March 25, 2013

Major League Roundup: Rogers shaky in Brewers' win

The Associated Press

PHOENIX - Milwaukee Brewers right-hander Mark Rogers knows there's little time left to rediscover his velocity.

Yet time is what he said he needs most.

"I need time to build my strength and the velocity will come like that," Rogers said after a Brewers split squad beat the Colorado Rockies 7-5 on Sunday. "I can tell you for a fact that it will be there. It's just a matter of getting there."

Rogers, a first-round pick of the Brewers in 2004, started seven games for Milwaukee last season and went 3-1 with a 3.92 ERA and 41 strikeouts in 39 innings, featuring a fastball in the low- to mid-90s.

But this spring has been a different story.

On March 12, Rogers made his third spring start and surrendered six runs -- three earned -- on three hits and four walks in 11/3 innings. After that outing, he was pulled from live action in favor of bullpen sessions in an effort to help him find his former speed and command.

Against the Rockies, Rogers allowed two runs on two hits in three innings. But he also walked two, threw barely half his pitches for strikes and topped out at 89 mph.

"That's not me, really," Rogers said. "It's frustrating for me, but it's part of the game. Everyone has times when they don't feel like they have their best stuff."

Complicating matters for both Rogers and the Brewers is the 27-year-old from Orrs Island is out of minor league options, leaving Milwaukee the choice of relegating him to the bullpen or attempting to sneak him through waivers.

"The good thing is I've been with the Brewers for multiple years," Rogers said. "They know I'll bust my butt and get back to being myself. I view myself as a starting pitcher. At some point, I want to be in the starting rotation."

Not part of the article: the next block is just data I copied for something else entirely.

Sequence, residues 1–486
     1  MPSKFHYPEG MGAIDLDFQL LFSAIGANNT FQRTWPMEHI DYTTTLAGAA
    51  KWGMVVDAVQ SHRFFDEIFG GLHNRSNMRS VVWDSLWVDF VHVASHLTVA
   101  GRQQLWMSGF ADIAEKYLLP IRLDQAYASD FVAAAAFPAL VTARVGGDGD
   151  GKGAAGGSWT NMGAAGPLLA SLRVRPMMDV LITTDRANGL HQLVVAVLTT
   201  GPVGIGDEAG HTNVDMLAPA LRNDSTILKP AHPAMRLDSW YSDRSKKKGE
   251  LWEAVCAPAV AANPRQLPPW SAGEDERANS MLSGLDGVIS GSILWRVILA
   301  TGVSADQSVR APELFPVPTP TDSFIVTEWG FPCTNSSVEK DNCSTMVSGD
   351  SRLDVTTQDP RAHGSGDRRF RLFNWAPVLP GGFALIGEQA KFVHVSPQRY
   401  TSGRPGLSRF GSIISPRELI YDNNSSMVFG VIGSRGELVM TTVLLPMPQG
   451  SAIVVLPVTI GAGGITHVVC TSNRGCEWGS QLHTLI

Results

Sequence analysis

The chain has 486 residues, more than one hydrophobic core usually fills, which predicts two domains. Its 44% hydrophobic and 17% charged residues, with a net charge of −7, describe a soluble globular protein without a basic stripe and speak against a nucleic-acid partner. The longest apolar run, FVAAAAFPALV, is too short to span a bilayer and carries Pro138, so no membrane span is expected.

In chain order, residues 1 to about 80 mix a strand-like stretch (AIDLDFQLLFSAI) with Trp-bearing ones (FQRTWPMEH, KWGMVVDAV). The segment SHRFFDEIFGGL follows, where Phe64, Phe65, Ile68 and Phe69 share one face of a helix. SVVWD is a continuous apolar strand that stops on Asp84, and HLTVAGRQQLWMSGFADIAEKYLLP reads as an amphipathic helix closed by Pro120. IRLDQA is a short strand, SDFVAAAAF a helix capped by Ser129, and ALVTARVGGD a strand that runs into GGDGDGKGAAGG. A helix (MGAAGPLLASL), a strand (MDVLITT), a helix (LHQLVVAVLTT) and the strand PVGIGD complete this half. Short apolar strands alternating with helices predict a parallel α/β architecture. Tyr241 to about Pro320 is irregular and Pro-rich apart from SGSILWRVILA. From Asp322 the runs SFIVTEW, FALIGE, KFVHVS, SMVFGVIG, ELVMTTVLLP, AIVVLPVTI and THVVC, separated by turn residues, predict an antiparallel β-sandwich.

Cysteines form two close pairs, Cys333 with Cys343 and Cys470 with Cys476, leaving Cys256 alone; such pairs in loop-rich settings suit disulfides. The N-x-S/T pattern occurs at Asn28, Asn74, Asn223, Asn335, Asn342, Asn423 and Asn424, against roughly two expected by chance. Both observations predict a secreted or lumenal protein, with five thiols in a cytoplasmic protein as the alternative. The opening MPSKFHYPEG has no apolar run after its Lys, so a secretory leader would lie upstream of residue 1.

In theory, Rogers also could be placed on the disabled list, though he has yet to complain of any specific injury.

YANKEES: New York was close to an agreement to acquire outfield Vernon Wells from the Los Angeles Angels.

Wells, 34, is owed $42 million over the next two seasons. The Yankees would end up being responsible for about $12 million to $13 million of that total.

Derek Jeter will likely start the season on the disabled list because of a sore left ankle as he recovers from surgery last October.

DODGERS: Josh Beckett gave up seven runs in four innings in a 7-4 loss to the Oakland Athletics at Phoenix.

REDS: Bronson Arroyo was hit on his pitching hand by David Murphy's line drive during Cincinnati's 7-2 loss to the Texas Rangers at Surprise, Ariz., but X-rays did not detect a break, and Arroyo said he's optimistic he won't miss a start.

PADRES: San Diego released veteran right-handed pitcher Freddy Garcia, eliminating one candidate for the No. 5 spot in the starting rotation.

ROCKIES: Colorado bolstered its starting rotation by signing Jon Garland, who was released Friday by Seattle.

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